A. I don't think we were, no. It's something that evolved over the years. It wasn't sort of something that happened overnight. Judas Priest evolved the same as everybody else. We started playing, in the 1960s, early '70s, what people called "heavy rock" or "progressive rock." I can remember us making a conscious effort to try and steer clear of the 12-bar element (although there are one or two songs in there over the years that have had that sort of three-chord battishness). But we stayed clear of that. We just went a bit harder, maybe, a bit heavier and a bit faster than others were doing at the time.
I think everything gelled into place probably around (the) "British Steel" album (in 1980), which was, I think, an era-defining moment. From there on in we had that direction. We went album for album from "British Steel" right up to "Defenders of the Faith." And that was really the end of that sort of line. After that, we sort of did the experimental "Turbo" album using guitar synthesizers and what have you. Then we took on the harder edge with "Ram It Down" and "Painkiller" after that.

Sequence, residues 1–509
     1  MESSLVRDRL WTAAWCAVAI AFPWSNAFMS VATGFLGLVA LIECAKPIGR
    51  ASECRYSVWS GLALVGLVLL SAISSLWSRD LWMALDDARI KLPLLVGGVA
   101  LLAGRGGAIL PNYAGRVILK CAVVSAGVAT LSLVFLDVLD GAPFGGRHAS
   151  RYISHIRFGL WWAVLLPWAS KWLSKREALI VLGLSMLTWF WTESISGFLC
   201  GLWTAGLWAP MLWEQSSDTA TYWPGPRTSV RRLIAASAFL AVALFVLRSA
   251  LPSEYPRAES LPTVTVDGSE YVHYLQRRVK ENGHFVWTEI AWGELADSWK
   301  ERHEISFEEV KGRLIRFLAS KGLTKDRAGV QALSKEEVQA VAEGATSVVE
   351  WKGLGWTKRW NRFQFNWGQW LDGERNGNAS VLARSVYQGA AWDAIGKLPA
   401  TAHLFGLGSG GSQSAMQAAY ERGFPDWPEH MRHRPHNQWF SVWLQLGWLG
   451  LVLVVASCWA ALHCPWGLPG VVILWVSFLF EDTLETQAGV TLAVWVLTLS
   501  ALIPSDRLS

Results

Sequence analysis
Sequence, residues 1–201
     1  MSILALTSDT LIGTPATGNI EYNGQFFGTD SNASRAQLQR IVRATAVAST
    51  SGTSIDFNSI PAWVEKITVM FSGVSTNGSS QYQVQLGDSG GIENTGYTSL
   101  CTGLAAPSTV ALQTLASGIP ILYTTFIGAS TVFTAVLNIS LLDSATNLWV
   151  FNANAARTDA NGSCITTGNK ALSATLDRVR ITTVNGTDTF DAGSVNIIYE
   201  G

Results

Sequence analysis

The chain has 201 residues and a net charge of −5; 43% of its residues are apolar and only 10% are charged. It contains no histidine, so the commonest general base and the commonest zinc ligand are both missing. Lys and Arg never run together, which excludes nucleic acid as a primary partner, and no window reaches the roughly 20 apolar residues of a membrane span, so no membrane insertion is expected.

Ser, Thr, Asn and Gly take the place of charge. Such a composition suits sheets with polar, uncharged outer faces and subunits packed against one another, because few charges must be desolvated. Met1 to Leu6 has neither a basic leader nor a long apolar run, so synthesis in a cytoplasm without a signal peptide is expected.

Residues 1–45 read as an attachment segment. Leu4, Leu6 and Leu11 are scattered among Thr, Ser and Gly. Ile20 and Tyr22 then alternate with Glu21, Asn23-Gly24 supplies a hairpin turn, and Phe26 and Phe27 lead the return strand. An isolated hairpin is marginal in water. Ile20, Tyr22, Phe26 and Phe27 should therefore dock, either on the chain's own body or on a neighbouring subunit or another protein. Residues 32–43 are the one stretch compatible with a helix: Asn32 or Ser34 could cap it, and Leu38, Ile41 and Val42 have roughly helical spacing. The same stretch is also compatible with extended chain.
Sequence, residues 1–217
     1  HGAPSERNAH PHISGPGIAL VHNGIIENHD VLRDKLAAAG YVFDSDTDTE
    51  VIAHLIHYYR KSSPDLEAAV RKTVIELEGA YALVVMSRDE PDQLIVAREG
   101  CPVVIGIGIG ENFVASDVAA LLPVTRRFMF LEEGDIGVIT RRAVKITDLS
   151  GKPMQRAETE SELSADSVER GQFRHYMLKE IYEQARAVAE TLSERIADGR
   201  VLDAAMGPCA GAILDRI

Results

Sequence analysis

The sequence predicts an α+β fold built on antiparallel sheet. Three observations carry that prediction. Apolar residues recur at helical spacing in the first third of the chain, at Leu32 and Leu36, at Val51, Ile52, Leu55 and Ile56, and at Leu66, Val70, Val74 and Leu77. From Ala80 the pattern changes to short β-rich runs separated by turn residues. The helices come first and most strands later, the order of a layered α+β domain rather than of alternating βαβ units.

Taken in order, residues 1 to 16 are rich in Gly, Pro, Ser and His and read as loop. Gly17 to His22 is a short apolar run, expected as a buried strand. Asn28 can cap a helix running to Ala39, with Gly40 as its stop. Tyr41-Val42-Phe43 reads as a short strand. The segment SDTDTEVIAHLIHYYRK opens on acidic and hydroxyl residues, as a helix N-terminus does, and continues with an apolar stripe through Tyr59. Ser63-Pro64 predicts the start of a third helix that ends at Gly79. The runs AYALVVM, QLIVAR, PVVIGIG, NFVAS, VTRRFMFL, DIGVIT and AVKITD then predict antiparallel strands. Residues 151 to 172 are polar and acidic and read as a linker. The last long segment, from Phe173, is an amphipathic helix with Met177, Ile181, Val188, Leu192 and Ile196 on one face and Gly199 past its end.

Q. You were instrumental in bringing Rob Halford into the Judas Priest fold as vocalist.
A. Sort of, yeah. I can't really claim all credit for it, to be honest. But I was dating his sister at the time. And the original vocalist, Al Atkins, we were only playing clubs and bars, and what have you, at that time. We're talking 1971, maybe, or something like that. (Al's) wife became pregnant and he just couldn't afford to carry on with the band. So he had to leave.
I was dating Sue (Halford) at the time, Rob's sister, and she said, "Oh, you should give (Rob) a listen." So we did. (K.K. Downing) and I went over there and listened to him. I think he came into the room while he was humming harmonies to an Ella Fitzgerald song that was on the radio at the time. And it was like, "Oooh, harmonies! Clever!" And we went from there.